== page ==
• Extensible (new skeletons)
    • Retargetable (new skeleton implementations)
  • PEPCI effectively combines the necessities of efficiently implementing algorithmic skeletons
    • Term rewriting (by embedding Stratego)
    • Partial evaluation (to automatically separate rule composition and code generation)
future work
Future Work
  • Better merging of kernels
    • Merge more efficiently
    • Merge different metaskeletons
  • Implement on a more general architecture
  • Implement more demanding applications
    • And more involved skeletons
partial evaluation 2 free optimizations
Partial evaluation (2)Free optimizations
  • Loop unrolling
    • If the conditions are known, and the body isn’t
  • Function inlining
  • Aggressive constant folding
    • Including external “pure” functions
kernel translation
Kernel translation
  • SIMD processors are not programmed in C, but in parallel derivatives
  • Skeleton should translate kernel to target language
  • Extend PEPCI with C derivative syntax
    • Though only minimally interpreted
example local neighborhood operation in xtc
NeighbourhoodToPixelOp()

sobelx(in stream unsigned char

i[-1..1][-1..1],

out stream int *o)

{

int x, y, temp;

temp = 0;

for (y=-1; y < 2; y++)

for (x=-1; x < 2; x=x+2)

temp = temp + x*i[y][x];

*o = temp;

}

static lmem _in2;

static lmem _in1;

{

lmem temp;

temp = (0)+((-1)*(_in2[-1 .. 0]));

temp = (temp)+((1)*(_in2[1 .. 2]));

temp = (temp)+((-1)*(_in1[-1 .. 0]));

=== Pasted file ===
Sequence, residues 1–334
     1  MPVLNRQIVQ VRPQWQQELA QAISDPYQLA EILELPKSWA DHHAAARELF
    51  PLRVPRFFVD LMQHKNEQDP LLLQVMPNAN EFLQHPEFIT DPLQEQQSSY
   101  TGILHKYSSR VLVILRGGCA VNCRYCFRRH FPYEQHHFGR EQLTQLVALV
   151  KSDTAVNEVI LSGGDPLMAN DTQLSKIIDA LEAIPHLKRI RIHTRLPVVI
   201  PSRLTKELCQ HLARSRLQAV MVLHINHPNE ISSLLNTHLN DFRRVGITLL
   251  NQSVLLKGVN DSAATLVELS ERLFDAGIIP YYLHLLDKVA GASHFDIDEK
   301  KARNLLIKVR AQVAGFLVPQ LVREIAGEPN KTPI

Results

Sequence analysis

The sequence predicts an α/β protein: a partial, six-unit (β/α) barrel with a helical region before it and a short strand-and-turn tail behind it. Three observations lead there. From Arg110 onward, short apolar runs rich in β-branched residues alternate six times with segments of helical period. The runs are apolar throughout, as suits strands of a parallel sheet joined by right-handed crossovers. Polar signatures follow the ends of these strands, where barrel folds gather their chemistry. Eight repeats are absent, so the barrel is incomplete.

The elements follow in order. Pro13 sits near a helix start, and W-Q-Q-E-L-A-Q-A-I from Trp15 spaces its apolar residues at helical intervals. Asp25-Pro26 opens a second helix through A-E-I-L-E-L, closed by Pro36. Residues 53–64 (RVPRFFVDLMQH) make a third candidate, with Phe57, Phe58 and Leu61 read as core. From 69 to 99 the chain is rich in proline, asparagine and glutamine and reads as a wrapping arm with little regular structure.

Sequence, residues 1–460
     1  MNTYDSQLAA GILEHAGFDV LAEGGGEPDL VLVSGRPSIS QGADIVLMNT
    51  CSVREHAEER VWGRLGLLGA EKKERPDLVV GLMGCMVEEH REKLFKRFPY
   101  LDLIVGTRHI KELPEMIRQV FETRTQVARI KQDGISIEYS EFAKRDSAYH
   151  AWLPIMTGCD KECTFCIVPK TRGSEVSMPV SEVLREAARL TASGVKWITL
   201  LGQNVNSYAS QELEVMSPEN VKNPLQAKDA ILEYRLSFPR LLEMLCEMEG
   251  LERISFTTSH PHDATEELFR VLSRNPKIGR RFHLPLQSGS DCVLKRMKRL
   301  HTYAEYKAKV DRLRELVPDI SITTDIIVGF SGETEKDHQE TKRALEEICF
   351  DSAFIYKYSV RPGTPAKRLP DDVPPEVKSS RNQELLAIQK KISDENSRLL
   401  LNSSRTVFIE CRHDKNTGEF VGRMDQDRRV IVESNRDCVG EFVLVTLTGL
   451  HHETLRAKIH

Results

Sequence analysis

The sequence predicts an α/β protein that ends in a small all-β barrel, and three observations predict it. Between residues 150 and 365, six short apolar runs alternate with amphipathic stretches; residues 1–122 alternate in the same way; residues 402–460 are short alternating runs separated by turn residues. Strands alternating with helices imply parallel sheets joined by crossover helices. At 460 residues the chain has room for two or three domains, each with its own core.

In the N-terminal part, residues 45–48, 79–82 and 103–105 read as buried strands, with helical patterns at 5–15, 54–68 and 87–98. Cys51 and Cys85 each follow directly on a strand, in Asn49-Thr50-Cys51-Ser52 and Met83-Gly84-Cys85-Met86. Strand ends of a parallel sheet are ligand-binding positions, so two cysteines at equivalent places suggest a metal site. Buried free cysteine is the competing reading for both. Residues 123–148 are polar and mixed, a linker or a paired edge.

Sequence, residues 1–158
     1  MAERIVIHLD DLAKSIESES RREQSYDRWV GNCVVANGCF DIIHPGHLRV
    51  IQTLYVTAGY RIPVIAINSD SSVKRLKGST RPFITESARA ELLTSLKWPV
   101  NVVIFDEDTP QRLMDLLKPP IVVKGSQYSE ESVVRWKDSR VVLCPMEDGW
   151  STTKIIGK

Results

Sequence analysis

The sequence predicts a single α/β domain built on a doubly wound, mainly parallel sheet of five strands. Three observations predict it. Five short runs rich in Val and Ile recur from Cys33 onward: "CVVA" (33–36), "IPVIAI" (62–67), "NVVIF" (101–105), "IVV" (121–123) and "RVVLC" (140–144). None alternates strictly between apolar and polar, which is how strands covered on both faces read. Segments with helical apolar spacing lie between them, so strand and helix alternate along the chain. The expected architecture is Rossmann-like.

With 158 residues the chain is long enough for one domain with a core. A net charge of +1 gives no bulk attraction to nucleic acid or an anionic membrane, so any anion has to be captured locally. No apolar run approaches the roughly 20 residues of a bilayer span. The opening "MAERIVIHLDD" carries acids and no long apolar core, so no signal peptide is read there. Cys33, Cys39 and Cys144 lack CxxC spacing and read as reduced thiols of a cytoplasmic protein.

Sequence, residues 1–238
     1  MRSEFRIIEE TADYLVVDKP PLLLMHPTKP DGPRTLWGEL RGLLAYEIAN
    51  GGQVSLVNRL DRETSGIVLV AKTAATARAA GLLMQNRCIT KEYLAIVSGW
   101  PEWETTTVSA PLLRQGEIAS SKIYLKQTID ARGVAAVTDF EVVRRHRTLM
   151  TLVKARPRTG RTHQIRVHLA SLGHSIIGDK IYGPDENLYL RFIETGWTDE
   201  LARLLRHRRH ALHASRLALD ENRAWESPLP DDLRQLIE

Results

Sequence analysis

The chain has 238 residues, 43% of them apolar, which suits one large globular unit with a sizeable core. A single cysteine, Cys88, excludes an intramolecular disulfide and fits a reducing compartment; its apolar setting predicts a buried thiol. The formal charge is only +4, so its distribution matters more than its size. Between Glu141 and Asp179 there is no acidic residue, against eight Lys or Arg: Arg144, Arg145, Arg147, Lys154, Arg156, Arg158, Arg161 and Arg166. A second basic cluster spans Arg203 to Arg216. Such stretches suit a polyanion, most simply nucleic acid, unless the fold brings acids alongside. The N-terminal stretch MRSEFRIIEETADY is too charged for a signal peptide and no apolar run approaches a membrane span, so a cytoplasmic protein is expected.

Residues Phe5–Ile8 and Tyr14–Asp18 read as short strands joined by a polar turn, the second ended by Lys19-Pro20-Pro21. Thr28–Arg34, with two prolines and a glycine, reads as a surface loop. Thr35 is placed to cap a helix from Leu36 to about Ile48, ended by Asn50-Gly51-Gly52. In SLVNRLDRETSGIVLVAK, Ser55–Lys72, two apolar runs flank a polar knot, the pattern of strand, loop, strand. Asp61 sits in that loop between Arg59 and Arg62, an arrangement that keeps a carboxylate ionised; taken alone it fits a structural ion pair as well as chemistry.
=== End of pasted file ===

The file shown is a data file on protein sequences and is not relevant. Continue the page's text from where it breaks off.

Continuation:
temp = (temp)+((1)*(_in1[1 .. 2]));

temp = (temp)+((-1)*(larg0[-1 .. 0]));

temp = (temp)+((1)*(larg0[1 .. 2]));

larg1 = temp;

}

_in2 = _in1;

_in1 = larg0;

Example: local neighborhood operation in XTC
stream program
Stream program

void main(int argc, char **argv)

{

STREAM a, b, c;

int maxval, dummy, maxc;

scInit(argc, argv);

while (1) {

capture(&a);

interpolate(&a, &a);

sobelx(&a, &b);

sobely(&a, &c);

magnitude(&b, &c, &a);

direction(&b, &c, &b);

mask(&b, &a, &a, scint(128));

hough(&a, &a);

display(&a);

imgMax(&a, scint(0), &maxval, scint(0), &dummy, scint(0),

&maxc);

_block(&maxc, &maxval);

printf(“Ball found at %d with strength %d\n”, maxc, maxval);

}

return scExit();

}

programming with algorithmic skeletons 1
Programming with algorithmic skeletons (1)

PixelToPixelOp()

binarize(in stream int *i, out stream int *o, in int *threshold)

{

*o = (*i > *threshold);

}

NeighbourhoodToPixelOp()

average(in stream int i[-1..1][-1..1], out stream int *o)

{

int x, y;

*o = 0;

for (y=-1; y < 2; y++)

for (x=-1; x < 2; x++)

*o += i[y][x];

*o /= 9;

}

programming with algorithmic skeletons 2
Programming with algorithmic skeletons (2)

StackOp(in stream int *init)

propagate(in stream int *i[-1..1][-1..1], out stream int *o)

{

int x, y;

for (y=-1; y < 2; y++)

for (x=-1; x < 2; x++)

if (i[y][x] && !*o)

{

*o = 1;

push(y, x);

}

}

AssocPixelReductionOp()

max(in stream int *i, out int *res)

{

if (*i > *res)

*res = *i;

}

algorithmic skeletons

<=t

+

=

>t

<=t

<=t

+

=

>t

+

=

>t

Algorithmic Skeletons
term rewriting 1 from code to abstract syntax tree
Term rewriting (1) From code to abstract syntax tree

acc

+=

i

[ ]

ky

[ ]

kx

;

Stat

AssignPlus

Id

ArrayIndex

“acc”

ArrayIndex

Id

Id

Id

“kx”

“i”

“ky”

Stat(AssignPlus(Id("acc"),ArrayIndex(ArrayIndex(Id("i"),Id("ky")),Id("kx"))))